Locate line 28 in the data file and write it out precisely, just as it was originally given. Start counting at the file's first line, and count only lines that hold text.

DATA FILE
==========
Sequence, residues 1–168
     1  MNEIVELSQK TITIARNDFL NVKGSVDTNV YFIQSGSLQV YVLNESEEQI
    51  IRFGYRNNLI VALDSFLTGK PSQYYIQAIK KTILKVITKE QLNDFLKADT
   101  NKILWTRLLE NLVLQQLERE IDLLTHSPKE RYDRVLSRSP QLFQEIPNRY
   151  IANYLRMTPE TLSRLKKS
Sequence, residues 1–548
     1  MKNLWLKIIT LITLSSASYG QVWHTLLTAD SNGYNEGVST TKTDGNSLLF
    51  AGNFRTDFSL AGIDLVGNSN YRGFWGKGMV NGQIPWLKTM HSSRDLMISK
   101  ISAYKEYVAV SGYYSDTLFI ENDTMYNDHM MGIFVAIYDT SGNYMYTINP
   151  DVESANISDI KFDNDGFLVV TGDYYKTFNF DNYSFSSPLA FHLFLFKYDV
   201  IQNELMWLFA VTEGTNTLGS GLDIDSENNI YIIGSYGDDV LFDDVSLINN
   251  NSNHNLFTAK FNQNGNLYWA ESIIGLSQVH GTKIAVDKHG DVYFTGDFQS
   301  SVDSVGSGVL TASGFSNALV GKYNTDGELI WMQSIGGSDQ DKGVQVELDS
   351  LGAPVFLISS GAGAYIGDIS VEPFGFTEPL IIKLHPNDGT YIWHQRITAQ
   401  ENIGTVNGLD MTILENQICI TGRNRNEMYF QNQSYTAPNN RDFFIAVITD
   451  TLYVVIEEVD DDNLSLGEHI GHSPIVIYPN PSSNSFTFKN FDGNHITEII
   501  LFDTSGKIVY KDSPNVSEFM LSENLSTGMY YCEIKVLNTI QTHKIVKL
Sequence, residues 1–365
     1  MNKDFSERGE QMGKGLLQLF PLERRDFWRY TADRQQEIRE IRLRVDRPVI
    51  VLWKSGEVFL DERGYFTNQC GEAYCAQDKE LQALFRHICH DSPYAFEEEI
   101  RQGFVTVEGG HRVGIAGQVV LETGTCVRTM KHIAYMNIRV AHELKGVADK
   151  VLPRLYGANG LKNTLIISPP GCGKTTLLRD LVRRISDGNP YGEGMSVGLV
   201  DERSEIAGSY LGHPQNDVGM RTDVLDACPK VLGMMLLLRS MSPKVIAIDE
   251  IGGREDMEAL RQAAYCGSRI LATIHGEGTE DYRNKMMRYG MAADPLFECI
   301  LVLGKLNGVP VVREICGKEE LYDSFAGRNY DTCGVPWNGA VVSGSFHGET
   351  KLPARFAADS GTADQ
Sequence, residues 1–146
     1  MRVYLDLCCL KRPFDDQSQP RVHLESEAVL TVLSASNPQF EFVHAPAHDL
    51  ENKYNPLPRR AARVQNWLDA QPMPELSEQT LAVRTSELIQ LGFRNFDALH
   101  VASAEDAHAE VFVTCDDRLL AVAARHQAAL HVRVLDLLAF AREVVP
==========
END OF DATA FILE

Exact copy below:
     1  MRVYLDLCCL KRPFDDQSQP RVHLESEAVL TVLSASNPQF EFVHAPAHDL